And do not grieve the Holy Spirit of God, with whom you were sealed for the day of redemption. Get rid of all bitterness, rage and anger, brawling and slander, along with every form of malice. Be kind and compassionate to one another, forgiving each other, just as in Christ God forgave you. (Ephesians 4:30-32 NIV)
“Why you holdin’ grudges in old jars?” Newsboys, Million Pieces (Kissin’ Your Cares Goodbye)
Finally, the promised, second part of my last blog entry. I hope the lapse of time hasn’t caused you to start storing up any grudges against me. I have been busy filling Ordinary Time with going to school, and contemplating the goodness of God in the midst of my every day struggles.
Last time, we talked about canning, and how if the seal doesn’t take, you get rotten peaches or tomatoes. Grudges hinder us. They grieve the Holy Spirit. Grieving the Holy Spirit sounds like a weighty offense, and it is, mainly because it is like hurting your best friend on purpose. But thanks be to God, he gave us the gift of confession and the promise of forgiveness.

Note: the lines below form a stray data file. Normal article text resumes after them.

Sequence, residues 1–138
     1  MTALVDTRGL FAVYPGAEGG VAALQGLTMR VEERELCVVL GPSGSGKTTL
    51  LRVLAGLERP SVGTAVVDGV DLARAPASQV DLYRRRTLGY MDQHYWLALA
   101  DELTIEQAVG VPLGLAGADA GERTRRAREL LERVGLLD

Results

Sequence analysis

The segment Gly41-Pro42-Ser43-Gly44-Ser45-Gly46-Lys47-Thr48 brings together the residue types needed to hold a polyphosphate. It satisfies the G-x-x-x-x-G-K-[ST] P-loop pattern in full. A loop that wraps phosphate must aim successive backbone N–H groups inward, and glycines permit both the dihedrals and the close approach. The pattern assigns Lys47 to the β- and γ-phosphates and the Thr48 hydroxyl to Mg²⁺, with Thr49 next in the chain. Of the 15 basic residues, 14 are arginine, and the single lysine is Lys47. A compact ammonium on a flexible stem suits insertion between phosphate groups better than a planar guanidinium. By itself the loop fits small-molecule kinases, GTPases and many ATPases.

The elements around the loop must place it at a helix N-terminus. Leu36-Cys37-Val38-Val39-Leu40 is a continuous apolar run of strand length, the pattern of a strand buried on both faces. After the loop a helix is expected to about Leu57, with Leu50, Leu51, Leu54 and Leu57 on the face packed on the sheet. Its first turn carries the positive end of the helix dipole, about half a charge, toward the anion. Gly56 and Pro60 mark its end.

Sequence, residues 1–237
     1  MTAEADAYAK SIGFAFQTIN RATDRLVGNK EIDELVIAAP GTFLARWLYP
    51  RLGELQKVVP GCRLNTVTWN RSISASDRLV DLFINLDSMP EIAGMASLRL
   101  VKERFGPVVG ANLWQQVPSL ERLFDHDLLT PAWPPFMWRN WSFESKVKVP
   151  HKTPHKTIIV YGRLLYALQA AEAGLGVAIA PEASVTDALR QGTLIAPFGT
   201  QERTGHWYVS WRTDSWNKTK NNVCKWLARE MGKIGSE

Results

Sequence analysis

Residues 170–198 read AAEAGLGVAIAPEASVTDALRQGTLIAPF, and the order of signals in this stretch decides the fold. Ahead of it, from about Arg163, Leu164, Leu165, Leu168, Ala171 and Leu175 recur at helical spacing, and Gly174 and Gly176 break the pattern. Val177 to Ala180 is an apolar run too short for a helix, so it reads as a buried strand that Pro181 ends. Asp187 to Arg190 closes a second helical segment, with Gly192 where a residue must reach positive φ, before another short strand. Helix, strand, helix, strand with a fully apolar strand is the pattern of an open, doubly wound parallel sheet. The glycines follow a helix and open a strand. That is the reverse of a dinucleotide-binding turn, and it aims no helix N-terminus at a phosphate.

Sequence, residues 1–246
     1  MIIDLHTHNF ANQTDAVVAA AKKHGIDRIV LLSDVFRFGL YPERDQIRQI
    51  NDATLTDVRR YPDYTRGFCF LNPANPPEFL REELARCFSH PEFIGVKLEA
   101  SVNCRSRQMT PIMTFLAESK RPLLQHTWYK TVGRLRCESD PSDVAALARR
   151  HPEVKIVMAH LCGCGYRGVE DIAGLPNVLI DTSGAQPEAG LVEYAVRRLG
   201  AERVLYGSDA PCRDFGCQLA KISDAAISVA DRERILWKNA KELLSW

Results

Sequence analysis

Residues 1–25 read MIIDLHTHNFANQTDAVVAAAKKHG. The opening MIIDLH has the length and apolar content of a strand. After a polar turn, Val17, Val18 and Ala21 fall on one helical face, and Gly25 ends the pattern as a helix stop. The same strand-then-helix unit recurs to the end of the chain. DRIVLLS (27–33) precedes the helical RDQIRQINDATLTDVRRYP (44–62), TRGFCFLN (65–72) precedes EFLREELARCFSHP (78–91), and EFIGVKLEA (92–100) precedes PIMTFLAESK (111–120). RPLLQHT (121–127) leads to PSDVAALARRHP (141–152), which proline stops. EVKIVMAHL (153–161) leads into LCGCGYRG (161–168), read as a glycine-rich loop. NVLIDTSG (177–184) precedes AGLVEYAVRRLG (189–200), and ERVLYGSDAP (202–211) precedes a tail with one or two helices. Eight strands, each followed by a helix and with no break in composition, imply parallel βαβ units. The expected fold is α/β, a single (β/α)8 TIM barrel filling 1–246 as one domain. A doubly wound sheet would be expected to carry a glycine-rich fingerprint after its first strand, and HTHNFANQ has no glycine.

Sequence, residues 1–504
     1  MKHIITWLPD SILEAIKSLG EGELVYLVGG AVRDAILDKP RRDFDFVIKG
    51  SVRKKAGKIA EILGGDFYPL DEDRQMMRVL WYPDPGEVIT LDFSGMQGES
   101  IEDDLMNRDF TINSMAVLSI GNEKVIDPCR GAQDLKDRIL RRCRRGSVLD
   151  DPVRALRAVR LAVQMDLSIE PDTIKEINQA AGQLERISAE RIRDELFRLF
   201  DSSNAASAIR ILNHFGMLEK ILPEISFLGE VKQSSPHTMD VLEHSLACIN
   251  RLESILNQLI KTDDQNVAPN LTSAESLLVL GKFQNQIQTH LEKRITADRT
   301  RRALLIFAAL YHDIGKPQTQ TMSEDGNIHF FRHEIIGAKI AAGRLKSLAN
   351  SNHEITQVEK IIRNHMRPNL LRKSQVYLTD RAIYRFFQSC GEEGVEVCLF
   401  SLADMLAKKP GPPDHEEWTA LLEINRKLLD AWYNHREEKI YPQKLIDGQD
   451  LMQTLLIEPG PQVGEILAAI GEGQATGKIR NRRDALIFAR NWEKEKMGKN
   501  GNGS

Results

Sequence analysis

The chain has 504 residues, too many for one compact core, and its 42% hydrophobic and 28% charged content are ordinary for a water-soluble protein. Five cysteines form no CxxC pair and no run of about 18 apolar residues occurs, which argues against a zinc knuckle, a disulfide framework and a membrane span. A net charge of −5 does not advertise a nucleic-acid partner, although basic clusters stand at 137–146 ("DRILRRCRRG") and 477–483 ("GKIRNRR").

I did not plan to write today. I really did mean to keep to a weekly habit of posting a blog, but alas life got in the way. But I find it interesting, that today, I woke up ready to get something posted. To keep my promise of the part two of this series on Mardi Gras, the last day of Ordinary Time, seems timely.
So now this blog will transition into an invitation to join me in the next major observation of the Liturgical Year: Lent. Today is the day to say “farewell to the flesh,” as so many will do in excess.
Many will also make promises to fast from something for the next forty days in preparation for the celebration of Christ’s Resurrection. I am thinking about fasting from grudges. How about you?
To read more about the roots of Mardi Gras click here: http://www.americancatholic.org/features/mardigras/
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